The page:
Wednesday, April 7, 2010

For Maddie

I don't think I understand death, not really.

I've been following Maddie's story, and whenever her mom or dad writes a post about mourning the loss of their daughter, I take a moment and feel it for them. I hurt for them. I remember their daughter. I am aghast that she is no longer here. I try and put myself in that place, even for just a nanosecond, even as unequipped as I am to actually understand.

It's the least I can do, this remembering their daughter. Trying to understand their feelings of loss. Feeling outraged for them- for there are no good "answers" as to why. It's the least I can do, to take these small moments of my time.

But then, when I see photos of her- looking very much alive and vibrant- part of my brain thinks she's not dead. And I have the ability to be able to do that- to deny their awful reality- because for me, Maddie is in the internet; I can visit her there anytime. She's not missing from my arms, from my bed, from my car seat. I don't have empty clothes, and empty high chair, a silent piano. I only have the internet, where Maddie smiles at me any time I click in the right places.

This line of thinking usually makes me feel so very "lucky" to not have experienced death very often or very hard in my lifetime. But then I realize that "luck" has nothing to do with it... for if we all die- and news flash, self: WE ALL DO INDEED DIE- then at some point death will visit me too*. Or perhaps it's better to say that death will visit someone that I am not ready to part with.

*Joan Didion points this out too, in her book A Year of Magical Thinking, this concept that facing the death of a loved one will catch up to all of us, eventually.

And this brings me back to my original statement: I do not understand death. Also, I cannot prepare myself for death. So instead, I take a moment. I take a moment for Maddie, but mostly I take a moment for her mommy. For her daddy. And I try to feel it as they are feeling it- and I fail... but oh, do I try.

Other times I just enjoy her smile, enjoy reading about her parents' memories of her. I let her "be alive" for me. Here, in the internet.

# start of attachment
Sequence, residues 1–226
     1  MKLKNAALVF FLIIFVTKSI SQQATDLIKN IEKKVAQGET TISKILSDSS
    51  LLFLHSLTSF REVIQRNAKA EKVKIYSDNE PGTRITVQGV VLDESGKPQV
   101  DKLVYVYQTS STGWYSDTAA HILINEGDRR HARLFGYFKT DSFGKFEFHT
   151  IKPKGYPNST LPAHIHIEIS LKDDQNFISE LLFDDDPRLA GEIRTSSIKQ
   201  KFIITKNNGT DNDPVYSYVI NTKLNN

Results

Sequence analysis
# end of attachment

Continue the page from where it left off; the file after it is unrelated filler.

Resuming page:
It's a small token- a speck, really- remembering. I don't have anything unique or elequent to say about death or about Maddie or about how to keep on living. Nothing that hasn't been said, and said better, elsewhere.

Holding my own babes close. Kissing their curls and thinking, however briefly, of her. That's what I do.

But it's the least I can do... in fact, it's all I can do.

For Maddie.


Jess said...

I am the same way. I cannot grasp the concept of death even though I have experienced it before. I can't even envision Montana dying, and it is entirely beyond my abilities to envision Torsten ever dying. And the worst part about a child dying is that normally that isn't something that you would ever need to really grasp. It's the kind of thing that most people can happily leave out of their minds and never have to deal with. I still can't totally wrap my mind around Maddie being gone, or any of the other beautiful children who have died too young.

d e v a n said...

Well said. I know death catches up to us all. I just pray I never have to know the kind of pain Maddie's parents are.

KS said...

A beatiful tribute to a beautiful girl. I think of her often, probably daily. Death of a child is unfathomable to me. I don't have any idea how you'd move on. Every time I read Heather's posts about Maddie, I am also overcome with guilt. I get to read her story, shed some tears, and then I get to hug my kids. She doesn't. Maddie's story and her parents' horrific heartache makes me appreciate my kids more--and that just seems so unfair because that's an awful price to pay. I am not sure I am explaining this well... I just feel so devastated for them--and guilty that I get to experience things they don't.

Sunny said...

I don't know this Maddie, nor her parents...but i do know first-hand about dealing with the death of my child.

It's an unholy hell that I wouldn't wish on my worst enemy.

I think of Clay every day....every place I go reminds me of him as a baby- a little boy- a teen- a young adult...who at age 23, just as he was really beginning to live his life- was taken from it by a God I'm not sure I can understand or forgive.

There is a hole in my heart that will never heal that appeared the night I opened the door and saw his pregnant wife and her mom in shock, standing there with my son not by her side.
There was no drugs or alcohol involved- Just deer crossing the road in a blind curve in the early morning hours when he was on his way home from work.

I know God has a plan.....but the loss Maddies parents are's indescribable unless you have lived it yourself.

God Forbid.

Marie Green said...

Sunny... I'm so sorry.

amber said...

Er...I was just going to tell you (after reading DuWax's blog) that I've read Girl with the Dragon Tattoo, and it isn't really scary at all. It's awesome! Fully recommend.

Seester said...

I can not get into that book "Girl with the Dragon Tattoo" does it get better after 50 pages? it better or I'm giving up